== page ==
After the rise of the Soviet Union later, the tensions between faith and politics grew.

"In the formative times of the Baptist and Evangelical Christian groups, the dramatic social and political changes in the life of society (revolutions, wars with Armenia, British and German interventions, and Russian occupation) also played an important role," he explains. "People were in search of emotional and spiritual spaces that would provide a safe harbor in tumultuous times. ... what was preached by these two groups of evangelicals directly confronted Communist ideology, and it was dangerous to enter into confrontation with that ruthless force."

"Political hypocrisy and corruption at all levels of society caused enormous despair," he adds. "[T]he overwhelming corruption and hopelessness in society was one of the reasons the ECB succeeded in growing in numbers and strengthened their position in the country."

As Songulashvili notes how the Baptist faith and practices inherently carried political implications, he claims "the Eucharist is always a political act." This sentiment matches nicely with the key argument in my new book, Sacramental Politics: Religious Worship as Political Action.

Songulashvili writes in his book how leaders from the Baptist World Alliance assisted Georgian Baptists and how an international focus among Georgian Baptists impacted their faith. Additionally, he notes in the book how various relief efforts impacted the Baptist churches and opened doors for growth. This included helping care for wounded during wars, counseling after World War II, and refugee work in more recent years. 

Although he covers lots of history, dates, and names, Songulashvili does a good job keeping the story moving and connecting the spiritual implications. I recommend the book for those interested in church history, Baptist faith and practices, or issues of religion and politics. 

Vote Inconsistent with Holiday Ideal

Thanksgiving naturally leads many of us in the United States to stop and reflect on our blessings. That is, until we then try to kill each other getting to Black Friday sale items the next morning - or now even before we clean the dishes since some stores open on Thursday. I hope that somehow in the busyness and consumerism of this time of year, we can find a way to think about others.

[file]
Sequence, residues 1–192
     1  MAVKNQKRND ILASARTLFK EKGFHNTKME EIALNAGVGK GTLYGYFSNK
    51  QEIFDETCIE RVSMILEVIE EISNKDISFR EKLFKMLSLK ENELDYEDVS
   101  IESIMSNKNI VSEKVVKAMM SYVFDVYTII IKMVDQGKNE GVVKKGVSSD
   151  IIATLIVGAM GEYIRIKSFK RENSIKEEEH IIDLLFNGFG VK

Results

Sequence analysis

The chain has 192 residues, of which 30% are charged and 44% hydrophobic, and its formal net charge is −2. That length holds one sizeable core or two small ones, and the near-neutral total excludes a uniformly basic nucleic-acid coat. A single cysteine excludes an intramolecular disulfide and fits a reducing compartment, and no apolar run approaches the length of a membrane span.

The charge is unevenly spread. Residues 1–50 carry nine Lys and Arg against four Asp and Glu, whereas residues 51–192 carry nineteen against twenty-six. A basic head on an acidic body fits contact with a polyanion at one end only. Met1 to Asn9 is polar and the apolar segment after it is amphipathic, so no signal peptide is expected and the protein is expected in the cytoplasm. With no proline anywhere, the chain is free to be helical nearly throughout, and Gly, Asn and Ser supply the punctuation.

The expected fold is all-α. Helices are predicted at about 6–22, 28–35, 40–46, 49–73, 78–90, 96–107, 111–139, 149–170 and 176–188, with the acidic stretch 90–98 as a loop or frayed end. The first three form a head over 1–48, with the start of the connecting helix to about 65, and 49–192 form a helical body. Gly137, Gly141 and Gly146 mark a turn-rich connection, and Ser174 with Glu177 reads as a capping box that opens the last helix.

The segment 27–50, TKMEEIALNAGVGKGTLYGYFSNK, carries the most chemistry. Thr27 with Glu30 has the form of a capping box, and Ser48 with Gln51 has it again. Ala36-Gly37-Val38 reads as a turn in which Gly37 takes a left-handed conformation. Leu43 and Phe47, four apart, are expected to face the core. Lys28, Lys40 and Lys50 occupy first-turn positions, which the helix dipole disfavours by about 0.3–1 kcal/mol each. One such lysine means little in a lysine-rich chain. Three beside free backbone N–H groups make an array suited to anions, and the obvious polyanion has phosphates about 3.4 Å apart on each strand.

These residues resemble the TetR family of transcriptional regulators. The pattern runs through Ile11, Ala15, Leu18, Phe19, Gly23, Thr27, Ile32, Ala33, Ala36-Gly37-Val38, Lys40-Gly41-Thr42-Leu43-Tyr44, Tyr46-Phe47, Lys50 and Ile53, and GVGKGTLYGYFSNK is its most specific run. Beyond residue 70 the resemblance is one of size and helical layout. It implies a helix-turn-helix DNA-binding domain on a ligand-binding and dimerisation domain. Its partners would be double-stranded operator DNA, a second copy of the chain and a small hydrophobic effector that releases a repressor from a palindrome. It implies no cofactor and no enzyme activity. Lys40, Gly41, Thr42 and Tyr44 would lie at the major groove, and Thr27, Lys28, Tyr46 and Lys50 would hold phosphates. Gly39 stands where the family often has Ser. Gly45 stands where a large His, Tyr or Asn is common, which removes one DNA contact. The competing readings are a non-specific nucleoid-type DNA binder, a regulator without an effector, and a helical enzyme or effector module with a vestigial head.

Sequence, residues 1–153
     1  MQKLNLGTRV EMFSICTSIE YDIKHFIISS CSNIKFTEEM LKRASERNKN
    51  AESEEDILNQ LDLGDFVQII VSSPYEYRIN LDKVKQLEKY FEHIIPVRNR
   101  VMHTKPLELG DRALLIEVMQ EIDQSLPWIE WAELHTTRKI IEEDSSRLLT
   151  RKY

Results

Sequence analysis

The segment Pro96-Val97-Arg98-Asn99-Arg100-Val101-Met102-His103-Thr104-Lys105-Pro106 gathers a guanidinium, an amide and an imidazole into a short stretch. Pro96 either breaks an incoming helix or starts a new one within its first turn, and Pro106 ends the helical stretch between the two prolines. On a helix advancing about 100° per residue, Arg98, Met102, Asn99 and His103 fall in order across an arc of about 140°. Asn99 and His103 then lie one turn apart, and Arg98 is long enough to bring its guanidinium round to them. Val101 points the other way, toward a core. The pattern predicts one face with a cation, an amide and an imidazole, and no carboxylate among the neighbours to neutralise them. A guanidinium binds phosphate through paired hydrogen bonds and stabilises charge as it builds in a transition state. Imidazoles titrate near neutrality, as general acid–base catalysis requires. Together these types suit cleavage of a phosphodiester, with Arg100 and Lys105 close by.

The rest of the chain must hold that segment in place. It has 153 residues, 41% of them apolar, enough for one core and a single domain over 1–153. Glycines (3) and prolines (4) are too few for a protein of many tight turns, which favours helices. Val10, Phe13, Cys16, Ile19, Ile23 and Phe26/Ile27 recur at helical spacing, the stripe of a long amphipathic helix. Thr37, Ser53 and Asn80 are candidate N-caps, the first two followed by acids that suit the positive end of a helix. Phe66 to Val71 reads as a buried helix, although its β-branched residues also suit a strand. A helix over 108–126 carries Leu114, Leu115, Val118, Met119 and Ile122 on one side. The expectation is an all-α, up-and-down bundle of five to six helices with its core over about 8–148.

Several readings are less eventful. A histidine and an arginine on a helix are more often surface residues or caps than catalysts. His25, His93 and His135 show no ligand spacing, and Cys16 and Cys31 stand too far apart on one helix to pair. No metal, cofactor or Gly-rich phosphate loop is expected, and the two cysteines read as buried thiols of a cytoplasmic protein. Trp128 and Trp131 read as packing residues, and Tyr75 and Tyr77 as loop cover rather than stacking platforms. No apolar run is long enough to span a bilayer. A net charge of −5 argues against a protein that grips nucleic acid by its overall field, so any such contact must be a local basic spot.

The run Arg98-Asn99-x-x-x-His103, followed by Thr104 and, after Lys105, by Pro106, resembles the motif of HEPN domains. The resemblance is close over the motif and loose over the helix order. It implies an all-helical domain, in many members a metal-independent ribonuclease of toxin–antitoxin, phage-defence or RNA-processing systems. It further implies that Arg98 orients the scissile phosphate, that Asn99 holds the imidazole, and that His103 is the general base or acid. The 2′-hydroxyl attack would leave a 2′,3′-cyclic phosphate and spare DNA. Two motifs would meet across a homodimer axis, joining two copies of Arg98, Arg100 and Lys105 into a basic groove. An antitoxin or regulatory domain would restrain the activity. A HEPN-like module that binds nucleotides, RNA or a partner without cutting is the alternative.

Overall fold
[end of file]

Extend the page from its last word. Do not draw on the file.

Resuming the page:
The Jefferson City News-Tribune ran a letter to the editor I wrote contrasting the ideals of Thanksgiving with the anti-refugee legislation my U.S. Representative, Blaine Luetkemeyer, cosponsored last week. In the letter, Vote Inconsistent with Holiday Ideal, I note problems with his legislative effort to prevent assistance to refugees. I also argue we need to remember and pray for refugees. I hope Luetkemeyer and others will listen.

Need to Show Compassion toward Refugees

As I've watched the rhetoric against Syrian refugees, I've been particularly alarmed by how quickly so many politicians in both parties joined the fear-saturated attacks. Despite the fact refugees are already highly vetted and there are many easier and quicker ways for a terrorist to enter the country, demonizing refugees emerged as the new political sport.

A mayor in Virginia suggested using the World War ll-era internment of Japenese-Americans as a positive model program. A lawmaker in Missouri suggested herding refugees into camps. A lawmaker in Tennessee suggested using the National Guard to round up refugees. Have we lost our minds - and our consciences?

Congressional leaders have joined governors in pushing measures to stop refugee resettlement. So I wrote a letter to the editor to respond to a comment by one of my U.S. Senators, Roy Blunt. The St. Lous Post-Dispatch published the letter today.

In the letter, Need to Show Compassion toward Refugees, I urge Blunt to reconsider his position. I also connect the topic to the upcoming holy season of Advent. I hope Blunt and others will listen.